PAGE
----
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Early movers are creating a new model for mobility

Nathan Marsh explores the ‘broad and interconnected nature of intelligent mobility’ that encompasses Dyson’s entry into the EV market, the rise of Uber and the open ledger platform Blockchain

13 October 2017


The unlikely announcement that an upmarket vacuum-cleaner manufacturer is venturing into the electric vehicle (EV) market is a great metaphor for the scale of disruption and sheer unpredictability of our changing financial models. Did any of us predict Dyson would invest £1bn in battery technology alone over the next five years? 

It will be interesting to see how far Dyson’s enterprise will fully immerse itself in this emerging sector. Will vehicles (and even batteries) be designed and manufactured in-house or is the likely decision to go down the white-label route, or will we see a blended design, build manufacture, distribute and ownership model?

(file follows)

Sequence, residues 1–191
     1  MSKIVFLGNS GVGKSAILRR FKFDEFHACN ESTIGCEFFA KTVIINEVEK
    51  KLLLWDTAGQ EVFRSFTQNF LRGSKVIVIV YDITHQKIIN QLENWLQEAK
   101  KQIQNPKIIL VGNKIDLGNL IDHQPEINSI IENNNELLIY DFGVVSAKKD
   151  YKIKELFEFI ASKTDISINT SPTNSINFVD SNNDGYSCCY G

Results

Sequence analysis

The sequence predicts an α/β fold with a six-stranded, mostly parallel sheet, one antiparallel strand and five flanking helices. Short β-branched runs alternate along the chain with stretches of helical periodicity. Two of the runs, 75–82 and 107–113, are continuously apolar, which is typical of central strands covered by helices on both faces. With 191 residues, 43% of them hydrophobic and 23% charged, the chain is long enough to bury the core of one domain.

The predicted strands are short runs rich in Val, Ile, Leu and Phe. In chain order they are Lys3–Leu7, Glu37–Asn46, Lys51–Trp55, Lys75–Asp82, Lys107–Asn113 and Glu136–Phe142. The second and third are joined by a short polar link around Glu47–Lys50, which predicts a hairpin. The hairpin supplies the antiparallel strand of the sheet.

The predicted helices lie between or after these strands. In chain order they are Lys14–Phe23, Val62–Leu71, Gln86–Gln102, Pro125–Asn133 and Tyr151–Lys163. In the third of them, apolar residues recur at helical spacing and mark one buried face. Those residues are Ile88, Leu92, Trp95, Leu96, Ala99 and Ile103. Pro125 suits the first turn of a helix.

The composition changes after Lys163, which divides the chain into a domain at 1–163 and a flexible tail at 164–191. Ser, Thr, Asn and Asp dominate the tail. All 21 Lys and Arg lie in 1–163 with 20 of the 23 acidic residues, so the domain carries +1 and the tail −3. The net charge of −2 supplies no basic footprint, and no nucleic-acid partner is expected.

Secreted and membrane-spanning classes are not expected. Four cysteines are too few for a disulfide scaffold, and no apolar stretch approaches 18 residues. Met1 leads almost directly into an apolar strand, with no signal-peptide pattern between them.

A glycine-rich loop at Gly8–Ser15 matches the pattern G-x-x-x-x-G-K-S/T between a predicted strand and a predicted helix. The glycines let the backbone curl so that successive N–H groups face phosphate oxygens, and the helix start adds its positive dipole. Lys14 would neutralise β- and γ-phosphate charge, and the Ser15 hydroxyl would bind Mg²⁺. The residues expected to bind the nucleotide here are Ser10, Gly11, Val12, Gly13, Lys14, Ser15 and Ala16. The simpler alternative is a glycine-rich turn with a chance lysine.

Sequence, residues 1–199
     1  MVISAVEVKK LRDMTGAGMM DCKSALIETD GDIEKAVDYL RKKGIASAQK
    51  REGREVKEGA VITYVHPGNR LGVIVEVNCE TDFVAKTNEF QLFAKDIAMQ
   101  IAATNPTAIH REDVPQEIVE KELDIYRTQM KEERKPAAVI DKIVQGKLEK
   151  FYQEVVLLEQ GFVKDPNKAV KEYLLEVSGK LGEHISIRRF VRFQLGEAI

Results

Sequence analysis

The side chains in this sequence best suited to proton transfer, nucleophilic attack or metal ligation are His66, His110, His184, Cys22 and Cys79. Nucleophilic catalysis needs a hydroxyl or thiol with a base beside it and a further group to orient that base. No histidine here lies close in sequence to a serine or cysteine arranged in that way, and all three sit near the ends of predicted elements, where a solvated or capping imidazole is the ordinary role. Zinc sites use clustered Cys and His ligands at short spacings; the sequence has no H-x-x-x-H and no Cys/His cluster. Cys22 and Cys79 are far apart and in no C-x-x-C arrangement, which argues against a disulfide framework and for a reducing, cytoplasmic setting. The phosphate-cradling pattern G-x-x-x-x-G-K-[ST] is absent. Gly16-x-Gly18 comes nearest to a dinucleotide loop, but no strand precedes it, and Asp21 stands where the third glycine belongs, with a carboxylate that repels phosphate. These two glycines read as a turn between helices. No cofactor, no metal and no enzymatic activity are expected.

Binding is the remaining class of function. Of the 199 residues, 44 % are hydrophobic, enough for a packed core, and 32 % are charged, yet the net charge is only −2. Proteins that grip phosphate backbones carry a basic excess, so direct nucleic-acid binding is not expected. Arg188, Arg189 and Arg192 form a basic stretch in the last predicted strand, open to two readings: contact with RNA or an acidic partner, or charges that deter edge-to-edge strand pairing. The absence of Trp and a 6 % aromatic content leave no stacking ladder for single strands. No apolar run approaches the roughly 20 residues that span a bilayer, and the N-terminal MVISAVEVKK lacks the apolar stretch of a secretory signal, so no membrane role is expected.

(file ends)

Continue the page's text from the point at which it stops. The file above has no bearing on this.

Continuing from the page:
A central tenet of intelligent mobility is that existing and conventional commercial and business models may still have a role, but the overall mix of new business models will change entirely, with innovative and disruptive models and players driving the boundaries of the sector into new and in some cases unfamiliar and even uncomfortable commercial landscapes. 

Global vehicle manufacturers are up-front when discussing their own strategic direction around the fact that large numbers of people will no longer own their vehicles and shifting to shared ownership. Fuel is projected to be electric, not gas.